Today is my sister and brother-in-law's fourth wedding anniversary. So naturally, relationships are on my mind today. 

Someone told me once that life is all about relationships (both romantic and otherwise). I think we can argue that the same applies to writing. In fiction, characters' relationships provide the emotional heart of and even drive the story. In nonfiction, subjects such as history and sociology inherently deal with relationships. Even seemingly impersonal topics such as chemical reactions or tax policy always involve at least one relationship: the one we establish with our readers.

So how do we establish relationships with our readers? What should those relationships be like? Here are a few tips:

  1. Know the expectations of your genre, format, and audience. Some types of writing, such as self-help books, lend themselves to addressing readers directly and informally. Other types of writing, such as academic journal articles, expect authors to maintain distance from their readers and focus on the subject. Reading widely in your genre and format will help you learn these often-unspecified guidelines. If you're planning to submit your finished work to a specific publisher or publication, also check their submission requirements. **This tip will help you implement the rest of the ideas on this list.

  2. Show your credentials. Readers need to know why they should pay attention to what you're saying. In nonfiction, cite credible sources and, if your genre requires, include a literature review and/or explain your own background in the subject (applicable college degrees, other works you've published about the topic, etc.). In fiction, credentials are much trickier to show, but crafting a strong opening line and using techniques such as "show, don't tell" will go a long way.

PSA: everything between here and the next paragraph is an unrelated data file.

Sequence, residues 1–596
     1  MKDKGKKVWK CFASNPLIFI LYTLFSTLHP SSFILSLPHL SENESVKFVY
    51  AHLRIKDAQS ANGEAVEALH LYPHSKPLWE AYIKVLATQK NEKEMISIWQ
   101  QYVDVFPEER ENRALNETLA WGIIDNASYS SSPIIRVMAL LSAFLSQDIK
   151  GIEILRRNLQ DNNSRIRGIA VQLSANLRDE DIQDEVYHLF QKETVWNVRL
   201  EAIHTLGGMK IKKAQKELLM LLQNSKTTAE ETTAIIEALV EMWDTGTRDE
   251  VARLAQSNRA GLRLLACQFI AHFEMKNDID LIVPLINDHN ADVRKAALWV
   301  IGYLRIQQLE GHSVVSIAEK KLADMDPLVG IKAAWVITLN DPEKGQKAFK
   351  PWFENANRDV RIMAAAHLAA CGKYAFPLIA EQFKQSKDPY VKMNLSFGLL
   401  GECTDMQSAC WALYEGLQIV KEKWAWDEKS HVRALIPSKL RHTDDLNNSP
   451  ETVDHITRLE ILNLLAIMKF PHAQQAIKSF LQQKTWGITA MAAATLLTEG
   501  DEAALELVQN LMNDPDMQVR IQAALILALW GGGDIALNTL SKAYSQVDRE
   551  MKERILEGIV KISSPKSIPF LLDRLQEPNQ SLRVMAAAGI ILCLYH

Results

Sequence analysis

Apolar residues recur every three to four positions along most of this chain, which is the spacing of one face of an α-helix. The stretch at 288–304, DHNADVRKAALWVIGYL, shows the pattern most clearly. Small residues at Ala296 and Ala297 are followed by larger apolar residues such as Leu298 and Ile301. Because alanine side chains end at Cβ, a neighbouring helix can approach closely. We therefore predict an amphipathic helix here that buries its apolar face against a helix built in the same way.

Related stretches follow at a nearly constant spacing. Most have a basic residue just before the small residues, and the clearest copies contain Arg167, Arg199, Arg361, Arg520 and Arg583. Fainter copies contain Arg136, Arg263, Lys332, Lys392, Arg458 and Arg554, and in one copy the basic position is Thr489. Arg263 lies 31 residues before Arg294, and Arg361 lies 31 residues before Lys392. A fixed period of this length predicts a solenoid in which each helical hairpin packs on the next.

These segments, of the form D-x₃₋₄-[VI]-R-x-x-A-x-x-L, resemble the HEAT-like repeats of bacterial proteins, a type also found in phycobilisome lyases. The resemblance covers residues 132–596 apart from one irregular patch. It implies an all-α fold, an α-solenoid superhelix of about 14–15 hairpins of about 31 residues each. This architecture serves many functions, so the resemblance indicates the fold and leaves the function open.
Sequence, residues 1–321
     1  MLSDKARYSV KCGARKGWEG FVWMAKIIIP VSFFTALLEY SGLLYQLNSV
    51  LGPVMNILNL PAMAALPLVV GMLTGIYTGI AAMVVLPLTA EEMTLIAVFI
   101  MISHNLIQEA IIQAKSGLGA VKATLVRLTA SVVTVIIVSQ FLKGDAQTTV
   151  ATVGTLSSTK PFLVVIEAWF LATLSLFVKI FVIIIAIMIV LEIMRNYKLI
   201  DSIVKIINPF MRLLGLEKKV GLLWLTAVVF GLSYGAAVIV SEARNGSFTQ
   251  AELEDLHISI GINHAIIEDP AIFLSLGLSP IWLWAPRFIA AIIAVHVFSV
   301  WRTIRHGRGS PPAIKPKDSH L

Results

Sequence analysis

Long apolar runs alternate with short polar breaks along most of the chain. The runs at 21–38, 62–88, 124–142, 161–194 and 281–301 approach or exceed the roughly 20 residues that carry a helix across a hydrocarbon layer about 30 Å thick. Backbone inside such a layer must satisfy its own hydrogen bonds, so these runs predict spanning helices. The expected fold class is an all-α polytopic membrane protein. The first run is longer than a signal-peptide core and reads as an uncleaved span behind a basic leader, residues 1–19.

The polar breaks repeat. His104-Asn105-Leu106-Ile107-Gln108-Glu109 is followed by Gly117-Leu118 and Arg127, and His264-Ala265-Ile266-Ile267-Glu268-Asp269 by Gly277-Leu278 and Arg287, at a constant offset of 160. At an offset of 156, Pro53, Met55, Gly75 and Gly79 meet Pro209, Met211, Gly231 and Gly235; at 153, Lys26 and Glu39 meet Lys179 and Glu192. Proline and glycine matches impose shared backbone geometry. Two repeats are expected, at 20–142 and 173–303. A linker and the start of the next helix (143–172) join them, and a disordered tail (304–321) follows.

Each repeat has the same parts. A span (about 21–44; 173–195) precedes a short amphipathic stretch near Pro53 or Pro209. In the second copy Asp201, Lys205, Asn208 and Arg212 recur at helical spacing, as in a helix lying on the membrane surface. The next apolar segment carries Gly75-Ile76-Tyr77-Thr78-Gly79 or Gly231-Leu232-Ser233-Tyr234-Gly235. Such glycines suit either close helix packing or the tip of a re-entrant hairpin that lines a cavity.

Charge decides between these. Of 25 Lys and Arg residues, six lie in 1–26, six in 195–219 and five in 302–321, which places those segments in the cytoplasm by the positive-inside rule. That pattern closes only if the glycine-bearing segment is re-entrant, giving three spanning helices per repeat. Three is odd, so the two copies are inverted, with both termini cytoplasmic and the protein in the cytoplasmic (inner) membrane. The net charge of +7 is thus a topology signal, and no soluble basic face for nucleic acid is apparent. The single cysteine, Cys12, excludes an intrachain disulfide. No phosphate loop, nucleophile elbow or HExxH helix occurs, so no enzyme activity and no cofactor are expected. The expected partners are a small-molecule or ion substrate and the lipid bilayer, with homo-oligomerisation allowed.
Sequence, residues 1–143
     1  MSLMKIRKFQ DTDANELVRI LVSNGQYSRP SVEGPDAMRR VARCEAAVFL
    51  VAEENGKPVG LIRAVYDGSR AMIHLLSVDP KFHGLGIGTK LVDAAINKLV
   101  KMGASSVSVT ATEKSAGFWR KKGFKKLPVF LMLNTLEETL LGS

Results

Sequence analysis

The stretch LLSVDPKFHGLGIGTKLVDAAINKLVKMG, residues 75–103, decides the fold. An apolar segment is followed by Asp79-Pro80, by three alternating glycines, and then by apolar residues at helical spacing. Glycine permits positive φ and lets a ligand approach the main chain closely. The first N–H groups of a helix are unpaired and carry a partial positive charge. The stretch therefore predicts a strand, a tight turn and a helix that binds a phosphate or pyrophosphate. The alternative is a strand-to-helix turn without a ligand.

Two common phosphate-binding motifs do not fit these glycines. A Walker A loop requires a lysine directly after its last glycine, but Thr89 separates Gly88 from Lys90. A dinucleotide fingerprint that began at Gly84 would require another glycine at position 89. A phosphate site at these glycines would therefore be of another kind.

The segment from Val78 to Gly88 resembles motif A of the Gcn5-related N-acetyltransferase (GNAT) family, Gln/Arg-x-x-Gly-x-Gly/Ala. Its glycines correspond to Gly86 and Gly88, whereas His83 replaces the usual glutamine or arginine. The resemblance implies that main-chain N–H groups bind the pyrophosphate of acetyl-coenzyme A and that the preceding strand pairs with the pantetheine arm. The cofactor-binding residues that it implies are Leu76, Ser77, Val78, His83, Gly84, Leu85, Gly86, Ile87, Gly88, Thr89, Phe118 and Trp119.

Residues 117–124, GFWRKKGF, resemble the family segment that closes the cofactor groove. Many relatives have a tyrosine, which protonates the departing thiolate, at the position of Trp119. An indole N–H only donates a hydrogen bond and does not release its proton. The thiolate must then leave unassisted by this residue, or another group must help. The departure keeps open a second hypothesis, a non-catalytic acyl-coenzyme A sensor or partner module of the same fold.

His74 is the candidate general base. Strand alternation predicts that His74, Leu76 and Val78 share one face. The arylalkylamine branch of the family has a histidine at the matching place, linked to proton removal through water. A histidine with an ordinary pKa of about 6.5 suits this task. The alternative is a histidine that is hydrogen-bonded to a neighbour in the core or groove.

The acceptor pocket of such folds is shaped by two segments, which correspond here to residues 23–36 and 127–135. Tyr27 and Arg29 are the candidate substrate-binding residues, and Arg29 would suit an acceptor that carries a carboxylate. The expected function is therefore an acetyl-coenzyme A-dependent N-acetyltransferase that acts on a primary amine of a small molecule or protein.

3. Use jargon appropriately. Readers don't appreciate it when writers appear to either talk down to them or go way over their heads. Use subject- and/or genre-specific vocabulary that's appropriate to your audience. A general audience probably doesn't know what a carburetor is (I had to look it up), but an audience of professional mechanics will probably feel insulted if you explain that term to them. Similarly, you'll likely jar your readers out of the setting if your medieval fantasy novel describes two characters' friendship with the word bromance.

  4. Only claim what you can support. Politicians and celebrities might get away with making wild, unsupported claims, but writers can't. Not without losing credibility with our readers, anyway. In nonfiction, provide support for any statements that aren't common knowledge. In fiction, back up general statements with specific details—or, better yet, simply provide the details and let the audience come to their own conclusions.

If you'd like some help implementing these tips in your work, click here to book a discovery call with me so we can get you rolling. 

Write on,


(Thanks to NONRESIDENT for sharing their work on Unsplash.)